Nurses under their umbrella body, the Uganda Nurses and Midwives Union(UNMU) have asked government to fulfill its promise of increasing their lunch allowances.
Nurses and midwives are currently getting 2000 shillings as their daily allowance but in the agreement they reached with government, the money will be increased to 15000 shillings.
This would mean that it would cost government shs126 billion in a year for the 24500 nurses and midwives in government hospitals.
Addressing journalists on Wednesday, UNMU president, Justus Cherop Kiplangat said they have waited for two years since 2017 for the promise to materialize but in vain.
“This lack of commitment by government to fulfill its promises has continued to demoralize us as health workers. We have reached out to several government organs to have the nurses’ welfare improved but in all in vain,” Cherop said.
Flanked by nurses and midwives’ representatives from various parts of the country including Western Uganda, Northern Uganda. West Nile and central region, the UNMU president argued that their members have continued to suffer because the shs2000 is not enough to buy a decent meal.
“The shs2000 we get can only buy a meal of chapati and beans which is not decent yet we spend at least eight hours on duty. The quality of care we give to patients risks being compromised if our welfare is not improved,” said Milly Nakintu, a nurse from the Mulago national referral hospital.
The nurses argue that because they are always busy, it would be easy for them to send someone to buy for them lunch for shs15000 when they are on duty.
The nurses under their umbrella body, Uganda Nurses and Midwives Union(UNMU) also asked government to look into their accommodation issues.
They argue that the accommodation facilities at the hospitals and health centres where they operate are not enough whereas others are in a sorry state.
“Those of us working for evening hours begin work at 2 pm and leave between 10 and 11 pm yet most of us stay in distance places. Transport challenges then affect us. Government ought to look into our predicaments,” Nakintu a nurse at Mulago national referral hospital said.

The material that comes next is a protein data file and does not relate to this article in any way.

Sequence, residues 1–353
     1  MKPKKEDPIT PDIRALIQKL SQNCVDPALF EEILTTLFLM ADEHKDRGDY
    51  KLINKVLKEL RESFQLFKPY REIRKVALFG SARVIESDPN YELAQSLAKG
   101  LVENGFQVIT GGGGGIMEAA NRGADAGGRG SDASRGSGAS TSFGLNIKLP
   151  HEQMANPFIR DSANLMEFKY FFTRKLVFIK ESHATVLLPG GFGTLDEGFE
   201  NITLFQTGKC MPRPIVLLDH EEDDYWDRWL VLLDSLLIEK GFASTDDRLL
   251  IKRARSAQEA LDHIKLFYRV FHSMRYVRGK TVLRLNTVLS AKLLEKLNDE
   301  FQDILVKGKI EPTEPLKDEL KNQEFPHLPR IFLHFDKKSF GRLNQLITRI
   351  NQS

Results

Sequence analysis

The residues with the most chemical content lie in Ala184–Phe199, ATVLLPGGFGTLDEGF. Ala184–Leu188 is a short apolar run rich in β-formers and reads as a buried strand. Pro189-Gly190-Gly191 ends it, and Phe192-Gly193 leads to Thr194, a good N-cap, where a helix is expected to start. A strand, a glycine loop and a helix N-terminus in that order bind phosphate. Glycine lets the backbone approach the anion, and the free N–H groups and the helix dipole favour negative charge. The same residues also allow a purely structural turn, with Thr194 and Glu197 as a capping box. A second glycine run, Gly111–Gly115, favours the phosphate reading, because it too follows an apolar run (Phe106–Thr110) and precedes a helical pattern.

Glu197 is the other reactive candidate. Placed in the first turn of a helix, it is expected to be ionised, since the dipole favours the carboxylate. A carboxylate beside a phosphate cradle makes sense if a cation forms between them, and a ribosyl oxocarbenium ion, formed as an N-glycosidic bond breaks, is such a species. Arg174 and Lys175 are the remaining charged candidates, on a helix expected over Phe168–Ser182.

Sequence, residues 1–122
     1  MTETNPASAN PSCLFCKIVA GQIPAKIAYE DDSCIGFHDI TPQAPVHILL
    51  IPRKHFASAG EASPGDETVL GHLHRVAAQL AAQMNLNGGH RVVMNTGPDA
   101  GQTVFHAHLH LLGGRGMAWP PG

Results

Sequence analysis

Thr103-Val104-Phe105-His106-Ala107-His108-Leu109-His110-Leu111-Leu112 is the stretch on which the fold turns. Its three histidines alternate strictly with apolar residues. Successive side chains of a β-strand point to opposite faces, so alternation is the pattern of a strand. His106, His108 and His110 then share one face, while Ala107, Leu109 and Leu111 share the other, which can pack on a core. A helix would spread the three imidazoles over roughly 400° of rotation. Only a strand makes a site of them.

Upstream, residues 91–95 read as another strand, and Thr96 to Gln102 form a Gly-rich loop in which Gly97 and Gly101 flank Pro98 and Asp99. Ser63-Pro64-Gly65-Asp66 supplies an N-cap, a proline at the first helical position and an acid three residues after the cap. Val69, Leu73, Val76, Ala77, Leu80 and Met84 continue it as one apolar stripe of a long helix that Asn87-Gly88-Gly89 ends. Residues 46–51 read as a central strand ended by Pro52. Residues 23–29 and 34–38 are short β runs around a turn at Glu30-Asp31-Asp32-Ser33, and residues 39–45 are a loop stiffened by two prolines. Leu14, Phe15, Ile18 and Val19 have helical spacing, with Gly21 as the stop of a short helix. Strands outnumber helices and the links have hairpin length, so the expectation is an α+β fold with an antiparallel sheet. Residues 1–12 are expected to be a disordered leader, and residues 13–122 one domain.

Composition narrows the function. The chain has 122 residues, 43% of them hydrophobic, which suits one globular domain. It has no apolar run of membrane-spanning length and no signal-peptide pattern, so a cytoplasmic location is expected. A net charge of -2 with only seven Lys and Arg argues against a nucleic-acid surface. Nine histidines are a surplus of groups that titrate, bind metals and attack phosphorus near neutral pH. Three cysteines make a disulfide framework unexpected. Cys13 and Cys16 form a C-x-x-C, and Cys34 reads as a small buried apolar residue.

According to Ram Samson Andua, a nurse at Arua regional referral hospital, over 80 percent of his colleagues stay outside the hospitals where they work and always get challenges of transport.
“There are always emergencies like accident victims and mothers giving birth and in such situations, we have to return to work to assist but it is risky because we stay far away from the hospitals,” Andua said.
The nurse said sometimes they lack money for transport and end up walking to hospitals to attend to emergencies, a thing he said ought to change for the better.
“Our work is like that of the police officers and soldiers but they sleep in barracks. Why don’t we, just like those two groups be given decent accommodation at places of work?”
The Uganda Nurse and Midwives Union president said starting September, members would resolve to always get an hour and a half off their schedules to go out to look for lunch or at least rest in absence of lunch if government has not fulfilled its promise of increasing their lunch allowances.
When contacted for a comment, the Permanent Secretary in the Ministry of Public Service, Catherine Bitarakwate did not pick our repeated calls.
President Museveni while officiating at the National celebrations for the international day for Nurses and midwives held at Kyamate Secondary school playground in Ntungamo Municipality in May backed the proposal to increase lunch allowances for nurses and build more training schools.